Pictures & Patterns

March 11, 2022

Defections and special purpose politics

One day, one trouble

By Adekunle Adekoya

There are men who desire power simply for the sake of the happiness it will bring; these belong chiefly to political parties.

— Friedrich Nietzsche (1844 – 1900)

In the July 9, 2021 edition of this column, I wrote about political parties being special purpose vehicles — a gathering of strange bedfellows coming together for one single purpose — the acquisition of political power, which grants them unfettered access to resources of the commonwealth to do with as they deem fit.

Whenever there is disagreement over the modus operandi, they change camps and defect to the faction of the power elite that is holding the levers of power. I concede the right of every Nigerian to associate or disassociate with any person or group of persons at any time he or she wishes to do so, but defections in the political arena in our country invoke the sublime, the ridiculous, and even the most obfuscating emotions.

One of the most ridiculous was that of a fellow who joined a political party, secured its governorship nomination, and went on to run two terms. He then jettisoned the party on whose platform he contested, and formed his own party.

He was almost being taken serious on the new political adventure when he defected from the party he founded. The fellow is still very much around, and in the senate now.

In the eye of the storm at the moment is David Nweze Umahi who contested to be governor of Ebonyi State on the platform of the PDP, and won, twice. A court just sacked him after the PDP took him to court.

In 2020, just a few months after winning his second term election, Umahi defected from the PDP to the APC. Earlier, he had been chairman of the PDP in his state; deputy governor to his predecessor, Martin Elechi, also of the PDP, before assuming the governorship. Last year, two more governors changed their parties. They are Professor Ben Ayade of Cross River State, in his second term, and Bello Mohammed, Matawallen Maradun of Zamfara, who became governor through the judiciary. Before all these, Dr Samuel Ortom, Benue State governor, had left the PDP for APC and came back to the PDP.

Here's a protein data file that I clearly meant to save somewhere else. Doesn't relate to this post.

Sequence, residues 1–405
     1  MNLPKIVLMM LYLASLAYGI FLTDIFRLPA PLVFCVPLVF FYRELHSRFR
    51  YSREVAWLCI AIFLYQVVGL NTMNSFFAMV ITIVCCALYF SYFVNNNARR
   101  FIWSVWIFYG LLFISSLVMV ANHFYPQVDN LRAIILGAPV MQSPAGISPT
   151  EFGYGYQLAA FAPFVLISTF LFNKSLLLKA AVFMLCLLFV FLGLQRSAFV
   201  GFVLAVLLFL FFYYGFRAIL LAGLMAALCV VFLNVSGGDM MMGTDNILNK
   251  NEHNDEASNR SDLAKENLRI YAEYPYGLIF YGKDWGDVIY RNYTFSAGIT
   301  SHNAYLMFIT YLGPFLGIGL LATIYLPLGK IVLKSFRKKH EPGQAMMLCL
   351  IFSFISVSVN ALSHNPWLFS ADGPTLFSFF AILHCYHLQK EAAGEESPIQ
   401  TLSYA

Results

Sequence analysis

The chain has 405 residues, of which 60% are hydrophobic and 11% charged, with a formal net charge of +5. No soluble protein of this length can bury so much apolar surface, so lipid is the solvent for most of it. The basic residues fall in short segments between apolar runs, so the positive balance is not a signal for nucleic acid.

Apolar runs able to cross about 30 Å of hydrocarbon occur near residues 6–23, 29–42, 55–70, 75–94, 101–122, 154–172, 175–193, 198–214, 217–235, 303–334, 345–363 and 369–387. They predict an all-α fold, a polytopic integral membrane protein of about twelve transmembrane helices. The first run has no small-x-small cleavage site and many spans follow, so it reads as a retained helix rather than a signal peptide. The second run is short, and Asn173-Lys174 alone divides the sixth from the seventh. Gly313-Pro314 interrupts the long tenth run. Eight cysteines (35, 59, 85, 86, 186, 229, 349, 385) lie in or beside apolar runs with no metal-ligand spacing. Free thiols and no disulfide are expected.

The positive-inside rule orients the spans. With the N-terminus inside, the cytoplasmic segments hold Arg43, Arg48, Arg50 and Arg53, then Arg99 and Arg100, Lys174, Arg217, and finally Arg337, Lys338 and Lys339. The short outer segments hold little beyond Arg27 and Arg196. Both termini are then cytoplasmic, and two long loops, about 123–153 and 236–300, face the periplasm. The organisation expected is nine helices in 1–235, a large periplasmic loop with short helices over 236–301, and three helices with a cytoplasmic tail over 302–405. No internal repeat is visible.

Umahi has a lot of predecessors on the defection train. Former vice-president, Alhaji Atiku Abubakar, has also been in and out of the PDP in his serial bids for presidential power. There will be no need to count the senators, members of the House of Representatives and members of state houses of assembly that have changed their parties: they are legion. How many people remember the Labour Party now?

I remember that this party attracted national attention when a former governor was bidding for power. After securing the ballot, he dumped the party and joined another one. Before I continue, let it be made clear that this is not about why people change their parties; that is their problem.

For me, since 1999, we have merely had what looked like political parties; in reality they have all operated like special purpose vehicles with a sole objective of acquiring political power. It explains why politicians don’t respect the laws and why elections are rigged. There is no defining ideology that drives any ideal the parties can espouse, except agbadas, peaked caps, and Ghana-must-go bags.

A former prime minister of the United Kingdom, Benjamin Disraeli (1804–1881) once said: “There is no act of treachery or meanness of which a political party is not capable; for in politics there is no honour.” Friedrich Nietzche, quoted above, buttresses Disraeli’s assertion. No morals here, just money and power.

I will go further to say that there is no act of treachery or meanness of which a Nigerian politician is not capable, especially that of managing our affairs, in which they have failed woefully since 1999.

Even the legacies of the founding fathers on which the country rolled in the First and Second Republics have all been eroded, and Nigerians face the stark, grim reality of starting from the scratch.

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